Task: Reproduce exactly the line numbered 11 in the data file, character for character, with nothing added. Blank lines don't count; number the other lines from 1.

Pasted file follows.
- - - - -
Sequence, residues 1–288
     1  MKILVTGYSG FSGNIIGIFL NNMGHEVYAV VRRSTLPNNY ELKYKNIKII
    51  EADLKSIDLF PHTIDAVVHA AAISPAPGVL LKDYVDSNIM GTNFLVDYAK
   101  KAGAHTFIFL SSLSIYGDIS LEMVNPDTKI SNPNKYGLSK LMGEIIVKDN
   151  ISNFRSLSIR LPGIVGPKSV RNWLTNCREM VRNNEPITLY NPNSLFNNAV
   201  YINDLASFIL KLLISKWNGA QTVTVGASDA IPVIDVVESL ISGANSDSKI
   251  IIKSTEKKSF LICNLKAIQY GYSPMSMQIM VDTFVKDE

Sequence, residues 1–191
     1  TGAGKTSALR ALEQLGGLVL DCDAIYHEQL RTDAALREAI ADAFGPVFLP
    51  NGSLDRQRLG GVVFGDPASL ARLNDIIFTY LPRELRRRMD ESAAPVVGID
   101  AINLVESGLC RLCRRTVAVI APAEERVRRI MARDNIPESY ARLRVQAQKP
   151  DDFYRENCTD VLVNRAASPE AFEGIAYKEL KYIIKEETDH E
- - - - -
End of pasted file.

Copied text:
   101  AINLVESGLC RLCRRTVAVI APAEERVRRI MARDNIPESY ARLRVQAQKP